The Conservatives promise to have 95% of the country covered by superfast broadband by 2017, along with 90% of UK landmass covered by voice and SMS coverage by 2017, and the Lib Dem manifesto contains a section called ‘securing global leadership in technology’.

Here they highlight the competitive advantage that the UK has in key digital sectors and the need to support this area of the economy and that 15% of new companies last year were digital companies. They also state that the digital sector in the UK currently employs around 1.5 million people.

The UKIP manifesto is light on any mention of technology. However in the Education section they have a paragraph stating “to increase the uptake of science learning at secondary level, we will follow the recommendations of the Campaign for Science and Engineering and require every primary school to nominate a science leader to inspire and equip the next generation.”

The Green Party manifesto also has a small section on science and technology. Although technology is mentioned, it is not directly detailed in the policies, which include the free publication of all publicly funded research, preventing the patenting of genes and living organisms, and conducting research ethically.

The SNP talk about research and creativity, pointing out the technology and innovation are central to economic growth across Europe. They support increases in R&D financial ceilings that will allow large scale EU projects to go forward. Plaid Cymru are keen to develop a new manufacturing strategy for Wales, which will take advantage of the existing skills, helped by research and development.

They also highlight the need for children to understand the technology around them, through coding and advanced computer technology development lessons, such as the Raspberry Pi device.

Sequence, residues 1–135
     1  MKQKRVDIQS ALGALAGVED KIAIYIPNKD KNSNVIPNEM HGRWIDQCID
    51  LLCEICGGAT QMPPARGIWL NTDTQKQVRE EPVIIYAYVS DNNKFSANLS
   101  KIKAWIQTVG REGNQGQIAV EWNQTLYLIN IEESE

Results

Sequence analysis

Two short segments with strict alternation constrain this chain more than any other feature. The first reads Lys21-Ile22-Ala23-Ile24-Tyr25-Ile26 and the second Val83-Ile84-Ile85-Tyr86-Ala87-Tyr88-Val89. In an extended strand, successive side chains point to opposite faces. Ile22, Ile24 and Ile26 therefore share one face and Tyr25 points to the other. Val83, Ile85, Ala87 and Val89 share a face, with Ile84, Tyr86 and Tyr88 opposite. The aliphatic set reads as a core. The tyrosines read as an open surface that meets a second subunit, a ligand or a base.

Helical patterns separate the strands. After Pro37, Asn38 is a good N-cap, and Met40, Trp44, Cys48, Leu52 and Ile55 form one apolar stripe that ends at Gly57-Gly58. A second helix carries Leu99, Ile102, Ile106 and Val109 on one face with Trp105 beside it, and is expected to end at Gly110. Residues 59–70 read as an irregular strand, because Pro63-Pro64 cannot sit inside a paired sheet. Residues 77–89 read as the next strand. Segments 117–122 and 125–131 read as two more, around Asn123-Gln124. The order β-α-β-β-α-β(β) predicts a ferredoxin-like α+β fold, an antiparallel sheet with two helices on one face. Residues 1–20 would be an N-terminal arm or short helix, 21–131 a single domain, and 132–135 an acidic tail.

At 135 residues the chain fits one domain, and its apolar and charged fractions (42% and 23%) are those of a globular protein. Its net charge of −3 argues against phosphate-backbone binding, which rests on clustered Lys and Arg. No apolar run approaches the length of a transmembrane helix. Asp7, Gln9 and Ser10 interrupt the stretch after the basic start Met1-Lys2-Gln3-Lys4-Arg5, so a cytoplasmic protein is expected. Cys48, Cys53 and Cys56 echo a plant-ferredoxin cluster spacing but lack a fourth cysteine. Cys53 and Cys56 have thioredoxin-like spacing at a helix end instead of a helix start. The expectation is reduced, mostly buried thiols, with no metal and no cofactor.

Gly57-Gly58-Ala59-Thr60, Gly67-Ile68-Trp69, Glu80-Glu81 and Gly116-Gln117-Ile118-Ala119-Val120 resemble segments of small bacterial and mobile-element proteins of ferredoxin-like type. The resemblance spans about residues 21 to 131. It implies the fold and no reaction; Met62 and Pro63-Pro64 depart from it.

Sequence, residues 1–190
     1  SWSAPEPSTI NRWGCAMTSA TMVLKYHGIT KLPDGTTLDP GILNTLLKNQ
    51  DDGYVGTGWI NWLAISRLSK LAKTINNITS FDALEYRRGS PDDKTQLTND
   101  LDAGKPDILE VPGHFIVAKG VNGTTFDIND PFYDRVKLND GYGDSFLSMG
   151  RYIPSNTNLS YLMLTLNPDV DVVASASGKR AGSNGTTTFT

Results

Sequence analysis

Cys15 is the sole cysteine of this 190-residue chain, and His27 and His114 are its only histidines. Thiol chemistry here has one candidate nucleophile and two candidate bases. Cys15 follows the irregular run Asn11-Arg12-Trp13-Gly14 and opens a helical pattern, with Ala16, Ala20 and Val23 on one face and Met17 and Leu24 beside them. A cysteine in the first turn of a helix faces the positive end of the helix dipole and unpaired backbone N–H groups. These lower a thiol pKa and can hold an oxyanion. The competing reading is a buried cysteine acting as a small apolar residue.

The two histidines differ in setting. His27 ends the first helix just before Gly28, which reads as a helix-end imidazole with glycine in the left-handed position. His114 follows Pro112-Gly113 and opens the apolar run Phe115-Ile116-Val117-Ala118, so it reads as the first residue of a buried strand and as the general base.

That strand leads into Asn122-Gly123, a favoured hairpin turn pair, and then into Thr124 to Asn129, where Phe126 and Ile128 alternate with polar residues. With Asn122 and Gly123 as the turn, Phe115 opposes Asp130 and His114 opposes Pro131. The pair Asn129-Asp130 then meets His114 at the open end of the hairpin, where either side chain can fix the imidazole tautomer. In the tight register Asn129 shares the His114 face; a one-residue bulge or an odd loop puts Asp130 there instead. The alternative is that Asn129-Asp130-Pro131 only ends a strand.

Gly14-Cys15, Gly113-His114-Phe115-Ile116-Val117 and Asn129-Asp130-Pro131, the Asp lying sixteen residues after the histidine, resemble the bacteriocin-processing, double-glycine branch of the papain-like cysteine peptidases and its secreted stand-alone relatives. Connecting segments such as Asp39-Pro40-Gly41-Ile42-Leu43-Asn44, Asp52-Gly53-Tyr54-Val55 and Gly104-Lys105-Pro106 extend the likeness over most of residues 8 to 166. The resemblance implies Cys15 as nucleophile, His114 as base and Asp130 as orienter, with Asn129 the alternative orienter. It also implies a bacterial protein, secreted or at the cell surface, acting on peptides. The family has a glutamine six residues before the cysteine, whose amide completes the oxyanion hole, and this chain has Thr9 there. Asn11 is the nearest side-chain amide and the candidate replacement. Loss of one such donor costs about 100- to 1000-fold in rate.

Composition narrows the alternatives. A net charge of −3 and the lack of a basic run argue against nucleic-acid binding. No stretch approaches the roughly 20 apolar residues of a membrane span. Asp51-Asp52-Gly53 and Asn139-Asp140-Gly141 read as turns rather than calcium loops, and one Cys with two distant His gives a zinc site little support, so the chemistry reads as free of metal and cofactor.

The key messages from most parties regarding technology are focused on education: by educating the next generation of innovators, we can ensure that the UK remains at the forefront of invention and innovation. But, none explain how these advances will be funded and or seem to understand the impact of the digital economy on Britain.

Much like cuts in defence, which we will leave the UK, sooner than you think, no longer a superpower on the world stage, it’s unlikely that we will compete in technology, science or the digital economy. In 2012, £10.0 billion was spent on Science, Engineering and Technology (SET) by the UK Government, a 1% decrease compared with 2011, and continued the downward trend in SET expenditure since 2009.

In comparison, by pouring cash into science and technology faster than its economy has expanded, China has for the first time overtaken Europe on a key measure of innovation: the share of its economy devoted to research and development (R&D). In 2012, China invested 1.98% of its gross domestic product (GDP) into R&D — just edging out the 28 member states of the European Union (EU), which together managed 1.96% according to OECD.